"The number of workers under the GM [union] contract today is 50,000 to 60,000 workers," he said. "That's way down from the 400,000 that it was in the 1970's."

Today, Lichtenstein said, many Americans feel that autoworkers are only getting what they have coming to them: wages and benefits befitting those with blue-collar jobs.

But in the past, autoworkers' good wages and benefits set the standard that Americans could rise above, with education and hard work, Lichtenstein said. As workers at automakers and suppliers are forced to accept less, it ultimately takes our standards down as a nation.

"You want those parts workers to make more because that sets our de facto wage floor," he said. To top of page

They're hiring!These Fortune 100 employers have at least 350 openings each. What are they looking for in a new hire? More
If the Fortune 500 were a country...It would be the world's second-biggest economy. See how big companies' sales stack up against GDP over the past decade. More
Sponsored By:
More Galleries
10 of the most luxurious airline amenity kits When it comes to in-flight pampering, the amenity kits offered by these 10 airlines are the ultimate in luxury More
7 startups that want to improve your mental health From a text therapy platform to apps that push you reminders to breathe, these self-care startups offer help on a daily basis or in times of need. More
5 radical technologies that will change how you get to work From Uber's flying cars to the Hyperloop, these are some of the neatest transportation concepts in the works today. More
Worry about the hackers you don't know 
Crime syndicates and government organizations pose a much greater cyber threat than renegade hacker groups like Anonymous. Play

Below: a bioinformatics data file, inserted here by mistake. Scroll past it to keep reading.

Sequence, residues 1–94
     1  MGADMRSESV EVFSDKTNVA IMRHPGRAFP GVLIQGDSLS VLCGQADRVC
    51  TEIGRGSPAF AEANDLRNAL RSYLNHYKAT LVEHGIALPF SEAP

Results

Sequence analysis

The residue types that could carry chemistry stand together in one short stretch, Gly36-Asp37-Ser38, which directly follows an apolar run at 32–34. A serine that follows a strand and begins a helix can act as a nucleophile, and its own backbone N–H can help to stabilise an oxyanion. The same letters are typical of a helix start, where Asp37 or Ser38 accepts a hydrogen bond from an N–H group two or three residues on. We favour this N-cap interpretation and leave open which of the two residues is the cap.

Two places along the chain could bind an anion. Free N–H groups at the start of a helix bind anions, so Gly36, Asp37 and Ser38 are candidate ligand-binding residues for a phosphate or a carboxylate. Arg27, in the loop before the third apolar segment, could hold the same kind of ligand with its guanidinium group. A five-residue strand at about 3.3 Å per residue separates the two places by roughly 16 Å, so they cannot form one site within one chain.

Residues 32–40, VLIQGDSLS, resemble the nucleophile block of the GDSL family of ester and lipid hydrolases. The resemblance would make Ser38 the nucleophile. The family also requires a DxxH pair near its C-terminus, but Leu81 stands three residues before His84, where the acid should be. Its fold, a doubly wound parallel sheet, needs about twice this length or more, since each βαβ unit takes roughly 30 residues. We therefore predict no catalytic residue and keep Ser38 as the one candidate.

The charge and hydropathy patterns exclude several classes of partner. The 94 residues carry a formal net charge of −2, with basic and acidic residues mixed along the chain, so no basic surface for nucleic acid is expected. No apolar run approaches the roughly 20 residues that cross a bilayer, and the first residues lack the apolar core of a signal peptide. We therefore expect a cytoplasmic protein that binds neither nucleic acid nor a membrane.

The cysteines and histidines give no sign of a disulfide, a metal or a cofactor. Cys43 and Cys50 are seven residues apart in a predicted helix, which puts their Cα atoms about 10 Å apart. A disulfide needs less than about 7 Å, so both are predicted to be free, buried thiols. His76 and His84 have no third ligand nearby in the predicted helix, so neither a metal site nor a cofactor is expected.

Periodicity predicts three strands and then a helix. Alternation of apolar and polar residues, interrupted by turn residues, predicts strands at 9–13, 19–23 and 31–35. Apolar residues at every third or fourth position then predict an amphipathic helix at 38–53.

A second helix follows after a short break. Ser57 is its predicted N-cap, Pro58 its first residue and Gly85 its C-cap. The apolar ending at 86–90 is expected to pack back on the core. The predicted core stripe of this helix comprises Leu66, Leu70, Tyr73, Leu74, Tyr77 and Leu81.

GE CEO: Bringing jobs back to the U.S. 
Jeff Immelt says the U.S. is a cost competitive market for advanced manufacturing and that GE is bringing jobs back from Mexico. Play
Hamster wheel and wedgie-powered transit 
Red Bull Creation challenges hackers and engineers to invent new modes of transportation. Play

Most stock quote data provided by BATS. Market indices are shown in real time, except for the DJIA, which is delayed by two minutes. All times are ET. Disclaimer. Morningstar: © 2018 Morningstar, Inc. All Rights Reserved. Factset: FactSet Research Systems Inc. 2018. All rights reserved. Chicago Mercantile Association: Certain market data is the property of Chicago Mercantile Exchange Inc. and its licensors. All rights reserved. Dow Jones: The Dow Jones branded indices are proprietary to and are calculated, distributed and marketed by DJI Opco, a subsidiary of S&P Dow Jones Indices LLC and have been licensed for use to S&P Opco, LLC and CNN. Standard & Poor's and S&P are registered trademarks of Standard & Poor's Financial Services LLC and Dow Jones is a registered trademark of Dow Jones Trademark Holdings LLC. All content of the Dow Jones branded indices © S&P Dow Jones Indices LLC 2018 and/or its affiliates.